Nore naval mutiny,
1797. Unlike Spithead
, the Nore, at the mouth of the Medway, was not a fleet station but an assembly point. This helps to explain the mutiny's uncoordinated nature, though its causes were fundamentally the same as Spithead
's and it lasted for a similar period, from 12 May to 16 June. The noisome conditions in the depot/flag ship Sandwich
, with her complement swollen by articulate ‘Quota Men’ (provided by counties and ports under the Acts of 1795) such as the mutiny's apparent leader Richard Parker, sparked an agitation which was disseminated through the anchorage, since the Spithead royal pardon did not obtain there. The coherent pattern of the Spithead outbreak was lacking at the Nore, but Sheerness was nevertheless cowed, Thames traffic halted, and from there up to Yarmouth the navy's guard against the hostile Dutch fleet lowered. Starvation, and a popularly supported governmental attrition, smothered the mutiny; Parker, and 29 of his erstwhile confederates, were hanged.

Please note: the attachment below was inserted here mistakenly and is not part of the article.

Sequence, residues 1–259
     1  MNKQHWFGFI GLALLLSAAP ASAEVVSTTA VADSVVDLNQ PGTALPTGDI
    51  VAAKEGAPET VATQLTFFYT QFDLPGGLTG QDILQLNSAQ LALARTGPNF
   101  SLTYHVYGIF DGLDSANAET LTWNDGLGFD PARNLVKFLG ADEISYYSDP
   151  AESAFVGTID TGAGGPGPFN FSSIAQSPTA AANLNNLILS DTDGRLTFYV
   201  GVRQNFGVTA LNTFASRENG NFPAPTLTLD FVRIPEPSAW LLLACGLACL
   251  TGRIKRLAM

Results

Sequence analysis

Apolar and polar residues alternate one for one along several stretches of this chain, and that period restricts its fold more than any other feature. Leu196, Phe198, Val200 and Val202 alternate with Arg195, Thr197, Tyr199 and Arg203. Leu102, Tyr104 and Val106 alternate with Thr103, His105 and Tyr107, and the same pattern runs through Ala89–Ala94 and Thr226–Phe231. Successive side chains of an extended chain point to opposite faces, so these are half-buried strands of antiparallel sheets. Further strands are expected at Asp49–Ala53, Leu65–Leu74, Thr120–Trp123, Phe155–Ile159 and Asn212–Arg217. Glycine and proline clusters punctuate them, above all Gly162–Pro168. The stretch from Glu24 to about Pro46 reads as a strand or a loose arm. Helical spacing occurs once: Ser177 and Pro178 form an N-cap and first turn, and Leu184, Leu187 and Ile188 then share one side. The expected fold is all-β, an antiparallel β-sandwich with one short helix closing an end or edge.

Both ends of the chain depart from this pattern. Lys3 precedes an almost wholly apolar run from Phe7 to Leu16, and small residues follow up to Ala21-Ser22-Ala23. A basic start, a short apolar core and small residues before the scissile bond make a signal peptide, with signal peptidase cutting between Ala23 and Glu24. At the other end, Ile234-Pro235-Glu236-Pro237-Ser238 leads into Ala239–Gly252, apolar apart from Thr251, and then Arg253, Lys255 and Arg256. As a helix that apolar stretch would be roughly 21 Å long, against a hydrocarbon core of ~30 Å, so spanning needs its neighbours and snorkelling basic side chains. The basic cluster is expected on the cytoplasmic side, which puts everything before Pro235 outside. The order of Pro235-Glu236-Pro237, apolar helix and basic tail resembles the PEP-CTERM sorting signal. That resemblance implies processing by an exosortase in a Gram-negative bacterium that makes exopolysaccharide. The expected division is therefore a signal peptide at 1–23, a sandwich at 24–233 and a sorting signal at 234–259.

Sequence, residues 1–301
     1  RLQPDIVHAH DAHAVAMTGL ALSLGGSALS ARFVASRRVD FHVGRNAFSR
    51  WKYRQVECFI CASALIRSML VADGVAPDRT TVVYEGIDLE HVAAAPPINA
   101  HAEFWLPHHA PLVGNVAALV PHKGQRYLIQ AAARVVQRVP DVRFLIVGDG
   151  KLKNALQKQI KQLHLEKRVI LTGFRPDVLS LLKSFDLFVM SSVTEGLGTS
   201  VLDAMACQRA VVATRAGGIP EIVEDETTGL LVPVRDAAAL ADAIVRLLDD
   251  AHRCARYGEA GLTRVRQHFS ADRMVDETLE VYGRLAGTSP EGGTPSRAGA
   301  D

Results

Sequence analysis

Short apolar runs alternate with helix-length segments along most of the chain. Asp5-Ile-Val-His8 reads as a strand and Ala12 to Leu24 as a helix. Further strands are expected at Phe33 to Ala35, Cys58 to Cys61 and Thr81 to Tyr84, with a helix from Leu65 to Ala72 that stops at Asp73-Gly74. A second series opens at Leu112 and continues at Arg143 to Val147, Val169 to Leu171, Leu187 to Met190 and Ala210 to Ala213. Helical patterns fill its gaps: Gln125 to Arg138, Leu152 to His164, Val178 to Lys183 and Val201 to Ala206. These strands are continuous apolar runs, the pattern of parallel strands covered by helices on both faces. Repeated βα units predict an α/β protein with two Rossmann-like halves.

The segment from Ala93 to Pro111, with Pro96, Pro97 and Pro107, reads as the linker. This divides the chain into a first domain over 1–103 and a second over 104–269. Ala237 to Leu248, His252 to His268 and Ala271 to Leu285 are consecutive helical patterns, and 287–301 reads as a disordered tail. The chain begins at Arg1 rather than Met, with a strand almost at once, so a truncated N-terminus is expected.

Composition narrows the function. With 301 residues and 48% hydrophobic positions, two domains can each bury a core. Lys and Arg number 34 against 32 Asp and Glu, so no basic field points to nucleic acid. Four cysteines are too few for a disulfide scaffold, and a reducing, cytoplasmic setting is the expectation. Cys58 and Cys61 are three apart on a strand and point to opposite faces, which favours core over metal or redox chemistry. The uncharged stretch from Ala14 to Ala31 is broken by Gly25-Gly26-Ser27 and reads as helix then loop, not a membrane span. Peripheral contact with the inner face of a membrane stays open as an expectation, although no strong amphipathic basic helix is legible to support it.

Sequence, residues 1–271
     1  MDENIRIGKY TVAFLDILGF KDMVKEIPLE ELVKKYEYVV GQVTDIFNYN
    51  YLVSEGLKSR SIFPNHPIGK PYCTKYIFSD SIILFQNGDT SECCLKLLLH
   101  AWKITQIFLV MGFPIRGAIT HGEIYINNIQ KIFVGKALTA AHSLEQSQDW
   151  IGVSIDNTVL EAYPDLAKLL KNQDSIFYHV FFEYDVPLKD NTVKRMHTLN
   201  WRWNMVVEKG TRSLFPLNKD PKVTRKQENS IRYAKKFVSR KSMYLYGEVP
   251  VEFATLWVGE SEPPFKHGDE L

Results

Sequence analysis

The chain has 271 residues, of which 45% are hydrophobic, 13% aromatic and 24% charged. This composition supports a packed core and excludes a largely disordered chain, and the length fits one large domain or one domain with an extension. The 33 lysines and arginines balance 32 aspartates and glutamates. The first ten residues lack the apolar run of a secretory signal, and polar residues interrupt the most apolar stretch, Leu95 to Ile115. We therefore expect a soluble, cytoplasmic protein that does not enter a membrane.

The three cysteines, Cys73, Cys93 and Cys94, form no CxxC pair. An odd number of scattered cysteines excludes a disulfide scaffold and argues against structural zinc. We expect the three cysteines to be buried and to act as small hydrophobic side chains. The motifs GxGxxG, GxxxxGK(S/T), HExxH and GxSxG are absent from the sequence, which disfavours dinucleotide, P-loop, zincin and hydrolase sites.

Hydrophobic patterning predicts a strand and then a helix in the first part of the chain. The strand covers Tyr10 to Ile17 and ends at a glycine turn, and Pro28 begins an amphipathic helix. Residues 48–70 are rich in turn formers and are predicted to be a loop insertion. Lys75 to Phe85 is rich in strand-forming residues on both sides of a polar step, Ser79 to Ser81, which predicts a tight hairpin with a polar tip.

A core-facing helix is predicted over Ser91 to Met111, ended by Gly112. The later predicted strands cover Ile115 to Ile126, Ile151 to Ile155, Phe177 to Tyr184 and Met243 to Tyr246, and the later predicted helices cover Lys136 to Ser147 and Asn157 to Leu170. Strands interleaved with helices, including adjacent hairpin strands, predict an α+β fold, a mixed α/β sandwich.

David Denis Aldridge